On this forum (and others), the difference between kits and wine from fresh grapes is often referred to as "kit taste" or "KT." Some claim to taste it, others claim they don't. I don't believe any consensus has ever been reached regarding its origin.
 

NorCal

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I manage a community vineyard and sell grapes (50 tons) to local wineries, as well as make my own. Their bottles sell between $25-$35 per bottle. I'm pretty fastidious in every step in my wine making, but their wine would be superior to mine every time.

At every step, their equipment, experience and knowledge is better than mine. Specifically, lab equipment, whole berry destemmer, automatic berry sorter, glycol tanks for cold soak and auto adjusting temps during fermentation, gentle presses, better and more expensive barrels, 55-60 degree storage, 2 year storage before release. That and a degree from UCD and a network of knowledge and willingness to share, like none other.
 

Smokin_Paul

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One obvious difference that you didn't mention in your initial post is that kits have been concentrated.

On this forum (and others), the difference between kits and wine from fresh grapes is often referred to as "kit taste" or "KT." Some claim to taste it, others claim they don't. I don't believe any consensus has ever been reached regarding its origin.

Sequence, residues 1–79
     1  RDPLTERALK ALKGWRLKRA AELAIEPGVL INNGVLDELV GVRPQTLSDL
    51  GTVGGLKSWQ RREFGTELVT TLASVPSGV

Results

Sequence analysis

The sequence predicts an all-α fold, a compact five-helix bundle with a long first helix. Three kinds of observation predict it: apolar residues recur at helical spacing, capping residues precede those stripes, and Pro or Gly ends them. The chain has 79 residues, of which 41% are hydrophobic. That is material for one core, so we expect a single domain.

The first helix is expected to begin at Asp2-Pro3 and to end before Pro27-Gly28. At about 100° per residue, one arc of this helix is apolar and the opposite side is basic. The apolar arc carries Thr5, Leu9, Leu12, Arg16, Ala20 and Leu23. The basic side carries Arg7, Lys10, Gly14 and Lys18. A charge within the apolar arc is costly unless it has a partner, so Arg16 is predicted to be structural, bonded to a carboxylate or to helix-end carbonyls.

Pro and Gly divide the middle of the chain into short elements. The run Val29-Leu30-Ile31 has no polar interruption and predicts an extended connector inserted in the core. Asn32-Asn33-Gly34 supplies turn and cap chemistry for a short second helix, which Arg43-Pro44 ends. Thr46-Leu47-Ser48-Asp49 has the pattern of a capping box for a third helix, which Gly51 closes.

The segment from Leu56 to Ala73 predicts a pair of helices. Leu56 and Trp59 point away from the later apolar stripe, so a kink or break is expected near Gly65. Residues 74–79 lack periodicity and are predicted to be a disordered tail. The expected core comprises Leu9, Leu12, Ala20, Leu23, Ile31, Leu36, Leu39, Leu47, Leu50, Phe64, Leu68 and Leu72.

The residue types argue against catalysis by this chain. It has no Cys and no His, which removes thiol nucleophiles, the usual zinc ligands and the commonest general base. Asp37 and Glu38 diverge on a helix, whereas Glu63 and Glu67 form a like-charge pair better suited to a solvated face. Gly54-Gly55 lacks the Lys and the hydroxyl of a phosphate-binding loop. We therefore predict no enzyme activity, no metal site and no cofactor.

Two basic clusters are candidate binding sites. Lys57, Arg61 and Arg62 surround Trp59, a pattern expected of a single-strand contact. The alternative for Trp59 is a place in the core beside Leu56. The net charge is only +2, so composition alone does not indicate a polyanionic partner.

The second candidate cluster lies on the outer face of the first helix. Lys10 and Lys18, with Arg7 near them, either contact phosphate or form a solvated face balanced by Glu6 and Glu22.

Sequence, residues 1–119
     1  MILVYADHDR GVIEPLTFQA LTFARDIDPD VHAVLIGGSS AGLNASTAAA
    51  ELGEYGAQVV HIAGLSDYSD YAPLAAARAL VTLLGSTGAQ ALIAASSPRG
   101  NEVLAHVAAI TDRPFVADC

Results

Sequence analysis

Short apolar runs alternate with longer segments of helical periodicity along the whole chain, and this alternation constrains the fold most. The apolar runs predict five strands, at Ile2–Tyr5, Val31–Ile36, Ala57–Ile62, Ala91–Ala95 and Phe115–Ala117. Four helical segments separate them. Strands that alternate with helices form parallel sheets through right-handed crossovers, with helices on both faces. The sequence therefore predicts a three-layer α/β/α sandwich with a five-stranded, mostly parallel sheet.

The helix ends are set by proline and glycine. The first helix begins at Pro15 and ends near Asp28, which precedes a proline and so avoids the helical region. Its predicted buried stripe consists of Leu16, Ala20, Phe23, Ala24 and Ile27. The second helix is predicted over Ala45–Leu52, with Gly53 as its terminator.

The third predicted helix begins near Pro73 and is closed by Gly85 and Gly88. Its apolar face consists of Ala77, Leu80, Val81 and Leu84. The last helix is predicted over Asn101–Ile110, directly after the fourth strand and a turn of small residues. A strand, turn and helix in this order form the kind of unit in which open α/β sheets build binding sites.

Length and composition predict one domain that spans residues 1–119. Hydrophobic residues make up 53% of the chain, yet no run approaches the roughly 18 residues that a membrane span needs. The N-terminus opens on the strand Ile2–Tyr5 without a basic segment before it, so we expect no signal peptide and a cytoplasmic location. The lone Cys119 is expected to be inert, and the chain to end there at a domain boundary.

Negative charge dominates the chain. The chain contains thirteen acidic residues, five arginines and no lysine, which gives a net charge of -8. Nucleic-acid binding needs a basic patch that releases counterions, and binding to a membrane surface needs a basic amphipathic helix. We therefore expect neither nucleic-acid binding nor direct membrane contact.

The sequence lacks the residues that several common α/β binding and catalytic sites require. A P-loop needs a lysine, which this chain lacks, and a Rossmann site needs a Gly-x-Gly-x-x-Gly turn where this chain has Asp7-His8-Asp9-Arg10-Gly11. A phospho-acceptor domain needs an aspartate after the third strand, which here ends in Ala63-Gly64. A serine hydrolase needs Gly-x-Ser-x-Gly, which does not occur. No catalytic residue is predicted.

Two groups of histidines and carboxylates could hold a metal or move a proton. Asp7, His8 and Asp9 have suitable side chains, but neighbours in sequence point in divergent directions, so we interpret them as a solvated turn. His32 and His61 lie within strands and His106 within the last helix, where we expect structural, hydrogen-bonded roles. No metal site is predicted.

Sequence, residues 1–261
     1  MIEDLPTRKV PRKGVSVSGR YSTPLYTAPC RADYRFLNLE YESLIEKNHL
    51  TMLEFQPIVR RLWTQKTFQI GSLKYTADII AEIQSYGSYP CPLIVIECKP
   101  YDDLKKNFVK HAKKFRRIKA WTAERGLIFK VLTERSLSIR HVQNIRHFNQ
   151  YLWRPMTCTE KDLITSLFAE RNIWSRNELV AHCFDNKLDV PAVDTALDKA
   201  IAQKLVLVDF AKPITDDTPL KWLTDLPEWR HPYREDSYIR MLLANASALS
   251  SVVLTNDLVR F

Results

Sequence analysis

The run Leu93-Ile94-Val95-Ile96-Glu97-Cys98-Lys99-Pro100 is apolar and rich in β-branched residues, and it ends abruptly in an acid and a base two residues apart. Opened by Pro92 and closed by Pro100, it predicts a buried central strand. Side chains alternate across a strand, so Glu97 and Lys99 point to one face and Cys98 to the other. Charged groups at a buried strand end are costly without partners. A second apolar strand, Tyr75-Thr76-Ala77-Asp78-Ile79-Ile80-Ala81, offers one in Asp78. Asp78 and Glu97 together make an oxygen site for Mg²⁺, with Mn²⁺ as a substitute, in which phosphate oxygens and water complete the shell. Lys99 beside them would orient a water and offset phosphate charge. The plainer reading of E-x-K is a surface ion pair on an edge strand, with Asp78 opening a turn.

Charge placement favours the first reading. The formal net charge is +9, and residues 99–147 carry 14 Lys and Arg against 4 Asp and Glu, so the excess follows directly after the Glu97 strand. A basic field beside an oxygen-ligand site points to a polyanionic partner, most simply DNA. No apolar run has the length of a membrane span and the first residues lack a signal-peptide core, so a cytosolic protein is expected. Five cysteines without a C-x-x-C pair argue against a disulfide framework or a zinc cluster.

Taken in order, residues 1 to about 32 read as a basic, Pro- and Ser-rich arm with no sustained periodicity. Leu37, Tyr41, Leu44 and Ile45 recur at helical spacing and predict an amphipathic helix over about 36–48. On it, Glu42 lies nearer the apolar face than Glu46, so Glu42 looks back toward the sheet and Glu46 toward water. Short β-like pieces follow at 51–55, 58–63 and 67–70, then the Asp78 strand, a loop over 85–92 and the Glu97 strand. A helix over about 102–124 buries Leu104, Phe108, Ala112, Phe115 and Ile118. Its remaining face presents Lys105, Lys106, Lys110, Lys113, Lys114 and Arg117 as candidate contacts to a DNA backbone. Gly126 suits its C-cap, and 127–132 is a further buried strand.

Sure there is difference in the juice but I don't think it makes a difference in the outcome, or at least it doesnt have to. I've made wine from kits to fresh juice and many of my kits have been the best. I do often mod the kits. I almost always add some sort of yeast nutrients and other ingredients that make the yeast happy and speed the process just like the commercial wineries. I think the "kit" taste is just unhappy yeast not having what they want so they and up synthesizing what they need. If the yeast have everything they don't do anything extra that affects the flavor.

I have two batches of Sangiovese. One a WE Vintners Reserve kit I tweaked plus added Zante currant raisins. It makes a delicious plumy wine, no kit taste. The other is made from fresh frozen Chilean juice. No raisins added and it's got strong hints of cherry and is also delicious. If i made the kit like the fresh juice it would.taste different but there would be no "kit" taste. Well at least the way I make it. If i added raisins to the fresh juice it would have more of the plum flavor but it would still be different.